Way back in 1963 David Ogilvy wrote about clients getting the work they deserve. Today’s clients all seem to agree, so why is it that agencies still receive poorly written (or even unwritten) briefs, and why does it matter?
It seems that the junior marketing managers out there are no longer getting taught how to write a proper ‘creative’ brief and the importance of doing so. Do they have a template to work from or do they just learn on the hoof? To answer the question of ‘why does it matter’, the answer would be to save on creative time, client time on development and of course ultimately saving on fees. Judging against the brief helps sell the project internally as well as being something to manage the creative by.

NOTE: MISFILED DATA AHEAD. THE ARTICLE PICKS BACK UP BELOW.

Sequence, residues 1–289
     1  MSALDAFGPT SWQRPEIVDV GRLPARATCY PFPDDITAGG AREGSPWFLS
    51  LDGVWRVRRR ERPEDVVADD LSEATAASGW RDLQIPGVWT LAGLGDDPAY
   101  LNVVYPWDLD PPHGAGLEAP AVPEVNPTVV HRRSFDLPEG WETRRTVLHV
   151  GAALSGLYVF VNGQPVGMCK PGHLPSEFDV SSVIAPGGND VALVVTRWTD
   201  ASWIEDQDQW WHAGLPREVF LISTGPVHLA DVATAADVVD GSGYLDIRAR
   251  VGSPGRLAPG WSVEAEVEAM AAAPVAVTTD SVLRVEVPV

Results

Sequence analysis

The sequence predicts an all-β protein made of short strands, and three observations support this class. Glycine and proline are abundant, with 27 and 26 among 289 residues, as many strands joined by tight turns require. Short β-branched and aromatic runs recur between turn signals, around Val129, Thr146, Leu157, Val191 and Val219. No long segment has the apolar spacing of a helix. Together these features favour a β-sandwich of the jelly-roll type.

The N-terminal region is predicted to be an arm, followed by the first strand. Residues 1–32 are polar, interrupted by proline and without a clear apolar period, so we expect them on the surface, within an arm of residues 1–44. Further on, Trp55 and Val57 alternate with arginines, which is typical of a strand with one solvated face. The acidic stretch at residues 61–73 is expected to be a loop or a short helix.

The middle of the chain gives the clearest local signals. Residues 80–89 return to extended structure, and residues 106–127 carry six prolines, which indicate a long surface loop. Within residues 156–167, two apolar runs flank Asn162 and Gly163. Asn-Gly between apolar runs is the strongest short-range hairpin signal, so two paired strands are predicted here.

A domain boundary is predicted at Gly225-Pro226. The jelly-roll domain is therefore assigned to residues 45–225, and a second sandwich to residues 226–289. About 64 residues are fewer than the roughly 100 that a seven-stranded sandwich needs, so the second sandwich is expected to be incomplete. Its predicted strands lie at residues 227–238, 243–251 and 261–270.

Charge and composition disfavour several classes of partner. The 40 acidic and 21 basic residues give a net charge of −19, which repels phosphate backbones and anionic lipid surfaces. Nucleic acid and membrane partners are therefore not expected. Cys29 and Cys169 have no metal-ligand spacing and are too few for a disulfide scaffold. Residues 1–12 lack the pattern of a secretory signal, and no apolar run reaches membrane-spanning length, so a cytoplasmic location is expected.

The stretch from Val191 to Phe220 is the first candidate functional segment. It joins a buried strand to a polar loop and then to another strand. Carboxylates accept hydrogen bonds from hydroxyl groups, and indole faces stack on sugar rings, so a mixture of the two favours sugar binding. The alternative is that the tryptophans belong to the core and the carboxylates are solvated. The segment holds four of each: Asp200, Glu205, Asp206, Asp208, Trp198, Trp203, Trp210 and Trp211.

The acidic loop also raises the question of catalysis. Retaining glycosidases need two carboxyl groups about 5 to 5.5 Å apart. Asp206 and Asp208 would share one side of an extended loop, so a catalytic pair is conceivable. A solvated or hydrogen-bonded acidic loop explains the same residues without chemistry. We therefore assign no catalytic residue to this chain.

How many times are projects presented to the delight of the client, but when they present up the boss doesn’t like it? This is fine if the feedback is based upon a rational argument which is based on the brief’s objectives, but not if it’s plain old personal preferences. If the marketing manager cross-references the work to the salient principles of the brief, then the senior manager should respect this and leave their prejudices to one side. Well, we can all dream, but why not give it a go?